A study conducted by University of the Fraser Valley (UFV) kinesiologists found that women suffered more than men when physical activity was limited by COVID.
The study looked at restrictions that were put in place during the early days of the pandemic, including the closure of gyms, fitness studios, parks and playgrounds.
One thousand and 98 people participated in the study, 215 men and 871 women.
According to Dr. Iris Lesser, an assistant professor of kinesiology at UFV, the women experienced more mental health struggles as the days and weeks went by.
The study found that women who were less physically active because of the pandemic had lower mental health scores and higher anxiety. Women maintaining a higher level of physical activity saw that reflected in better mental health scores and lower anxiety.
“Women are statistically shown to be more anxious and less physically active than men, and COVID-19 restrictions made it even more challenging for them to keep up with physical activity, further impacting their mental health,” said Dr. Iris Lesser, assistant professor of kinesiology, in a UFV Today blog post.
Lesser and UFV colleague Dr. Carl Nienhuis conducted the study, which was published in the International Journal of Environmental Research and Public Health.
Many women already struggled before COVID to find a balance between their work and home lives. The pandemic added more barriers, including the need to provide 24 hour care for children who would normally spend a chunk of their day at school or daycare.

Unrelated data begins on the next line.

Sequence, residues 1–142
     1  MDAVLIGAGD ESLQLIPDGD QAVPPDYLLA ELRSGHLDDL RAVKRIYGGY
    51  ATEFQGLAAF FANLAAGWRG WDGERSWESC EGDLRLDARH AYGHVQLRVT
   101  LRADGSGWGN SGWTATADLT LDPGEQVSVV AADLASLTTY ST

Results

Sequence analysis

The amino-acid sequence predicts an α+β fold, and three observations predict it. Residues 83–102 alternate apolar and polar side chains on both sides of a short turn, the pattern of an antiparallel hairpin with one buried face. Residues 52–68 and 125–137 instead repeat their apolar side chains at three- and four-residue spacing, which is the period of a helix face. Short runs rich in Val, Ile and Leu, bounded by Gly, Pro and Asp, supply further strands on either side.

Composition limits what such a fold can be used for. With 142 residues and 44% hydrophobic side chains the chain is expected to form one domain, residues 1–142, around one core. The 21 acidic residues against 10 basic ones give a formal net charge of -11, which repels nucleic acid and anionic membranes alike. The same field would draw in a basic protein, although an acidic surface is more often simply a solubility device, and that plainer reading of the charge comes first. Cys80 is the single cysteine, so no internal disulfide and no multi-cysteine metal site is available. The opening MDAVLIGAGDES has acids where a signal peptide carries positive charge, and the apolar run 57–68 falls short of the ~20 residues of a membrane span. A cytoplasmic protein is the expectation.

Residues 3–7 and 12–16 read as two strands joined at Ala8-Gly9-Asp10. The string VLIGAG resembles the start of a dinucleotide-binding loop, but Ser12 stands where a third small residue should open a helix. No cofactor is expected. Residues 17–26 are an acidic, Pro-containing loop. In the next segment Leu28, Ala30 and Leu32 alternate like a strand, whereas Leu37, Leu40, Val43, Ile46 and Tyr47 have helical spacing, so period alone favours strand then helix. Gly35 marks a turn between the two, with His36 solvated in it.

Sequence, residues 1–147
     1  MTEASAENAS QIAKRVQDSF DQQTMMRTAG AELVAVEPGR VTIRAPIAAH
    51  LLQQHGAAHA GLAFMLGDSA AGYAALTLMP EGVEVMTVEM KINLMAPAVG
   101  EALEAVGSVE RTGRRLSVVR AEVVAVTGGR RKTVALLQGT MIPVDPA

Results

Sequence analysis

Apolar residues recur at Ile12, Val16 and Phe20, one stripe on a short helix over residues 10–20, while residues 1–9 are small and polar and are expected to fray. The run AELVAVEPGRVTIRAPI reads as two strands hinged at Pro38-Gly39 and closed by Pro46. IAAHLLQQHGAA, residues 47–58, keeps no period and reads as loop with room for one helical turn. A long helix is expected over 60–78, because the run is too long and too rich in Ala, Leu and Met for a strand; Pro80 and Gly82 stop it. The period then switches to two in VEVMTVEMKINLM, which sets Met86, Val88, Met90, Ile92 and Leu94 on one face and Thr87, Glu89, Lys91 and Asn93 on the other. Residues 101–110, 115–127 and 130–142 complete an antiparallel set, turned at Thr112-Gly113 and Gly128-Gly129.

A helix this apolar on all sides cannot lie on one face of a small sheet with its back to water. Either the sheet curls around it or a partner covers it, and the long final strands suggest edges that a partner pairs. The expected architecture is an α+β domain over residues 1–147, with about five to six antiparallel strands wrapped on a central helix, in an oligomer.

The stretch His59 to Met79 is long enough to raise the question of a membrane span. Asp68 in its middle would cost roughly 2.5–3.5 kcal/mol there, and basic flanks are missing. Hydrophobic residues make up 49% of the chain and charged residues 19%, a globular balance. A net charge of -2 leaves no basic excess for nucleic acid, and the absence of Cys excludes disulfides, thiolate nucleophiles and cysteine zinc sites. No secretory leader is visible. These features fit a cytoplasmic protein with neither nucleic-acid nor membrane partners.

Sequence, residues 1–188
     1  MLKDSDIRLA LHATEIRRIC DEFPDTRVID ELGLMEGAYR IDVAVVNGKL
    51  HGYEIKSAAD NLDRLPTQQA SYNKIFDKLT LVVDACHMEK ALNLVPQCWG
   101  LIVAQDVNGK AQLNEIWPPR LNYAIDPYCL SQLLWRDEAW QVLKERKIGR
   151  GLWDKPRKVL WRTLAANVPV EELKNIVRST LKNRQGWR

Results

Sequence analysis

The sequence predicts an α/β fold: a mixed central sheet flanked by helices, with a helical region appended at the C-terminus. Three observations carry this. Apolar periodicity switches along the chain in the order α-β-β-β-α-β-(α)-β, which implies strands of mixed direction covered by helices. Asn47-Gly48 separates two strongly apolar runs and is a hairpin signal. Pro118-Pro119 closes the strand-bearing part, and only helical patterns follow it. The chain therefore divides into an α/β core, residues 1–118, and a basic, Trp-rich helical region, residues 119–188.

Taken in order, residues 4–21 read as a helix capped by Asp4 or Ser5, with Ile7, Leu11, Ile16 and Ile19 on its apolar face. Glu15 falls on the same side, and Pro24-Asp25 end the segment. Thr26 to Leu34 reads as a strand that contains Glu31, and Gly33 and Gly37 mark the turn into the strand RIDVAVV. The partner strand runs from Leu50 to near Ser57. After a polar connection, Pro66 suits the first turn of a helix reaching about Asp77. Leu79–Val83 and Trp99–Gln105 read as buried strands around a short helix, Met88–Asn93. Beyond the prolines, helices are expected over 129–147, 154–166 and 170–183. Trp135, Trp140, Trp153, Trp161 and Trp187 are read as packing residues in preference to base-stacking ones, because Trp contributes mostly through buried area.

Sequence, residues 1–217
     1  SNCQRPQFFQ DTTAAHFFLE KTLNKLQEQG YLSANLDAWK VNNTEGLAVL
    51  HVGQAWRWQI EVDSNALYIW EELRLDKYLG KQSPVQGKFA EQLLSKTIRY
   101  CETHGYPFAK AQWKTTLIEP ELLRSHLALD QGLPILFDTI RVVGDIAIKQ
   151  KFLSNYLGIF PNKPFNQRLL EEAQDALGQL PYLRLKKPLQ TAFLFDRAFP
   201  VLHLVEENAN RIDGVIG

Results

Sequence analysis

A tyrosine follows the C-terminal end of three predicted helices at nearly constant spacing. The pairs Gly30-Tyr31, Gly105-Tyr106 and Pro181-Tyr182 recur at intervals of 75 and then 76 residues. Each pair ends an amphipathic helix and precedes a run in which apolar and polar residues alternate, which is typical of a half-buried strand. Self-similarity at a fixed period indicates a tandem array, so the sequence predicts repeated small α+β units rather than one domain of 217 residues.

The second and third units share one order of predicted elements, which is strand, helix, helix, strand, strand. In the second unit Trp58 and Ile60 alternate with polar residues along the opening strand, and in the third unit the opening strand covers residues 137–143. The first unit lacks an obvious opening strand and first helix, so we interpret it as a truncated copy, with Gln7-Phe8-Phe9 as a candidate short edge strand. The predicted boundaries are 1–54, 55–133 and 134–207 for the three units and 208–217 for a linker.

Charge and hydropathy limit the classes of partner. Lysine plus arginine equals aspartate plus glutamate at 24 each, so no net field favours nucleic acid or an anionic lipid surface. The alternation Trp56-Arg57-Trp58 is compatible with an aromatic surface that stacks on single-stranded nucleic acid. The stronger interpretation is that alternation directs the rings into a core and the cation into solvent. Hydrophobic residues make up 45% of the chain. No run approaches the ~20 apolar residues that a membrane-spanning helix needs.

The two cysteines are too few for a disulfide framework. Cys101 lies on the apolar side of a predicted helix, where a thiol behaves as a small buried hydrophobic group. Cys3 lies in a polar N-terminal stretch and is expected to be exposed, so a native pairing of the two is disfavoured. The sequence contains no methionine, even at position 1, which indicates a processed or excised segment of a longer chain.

Lesser said it was disappointing when playgrounds were closed for a time, even if the intention was good. It cut off one avenue for women to get outside and stay active.
“We recognize that the threat posed by the pandemic is real and that the barriers were intended for our benefit,” she noted. “But we also need to consider the impact on physical activity and mental health.”
After looking at the data, the UFV research team suggested more effort should be made to “encourage and promote physical activity options that allow parents to be active with their children.”
“Given the challenges that women uniquely face due to pandemic restrictions, we need to find ways to provide environments and support for physical activity to reduce the mental duress that some women are experiencing,” Lesser said. “We need to aim for physical activity options that can include and engage children.”
The UFV School of Kinesiology is currently involved in more research through Moms on the Move, an outdoor group fitness program meant to help women who are experiencing anxiety after childbirth.
Anyone who wants to participate is asked to email Dr. Gillian Hatfield at firstname.lastname@example.org.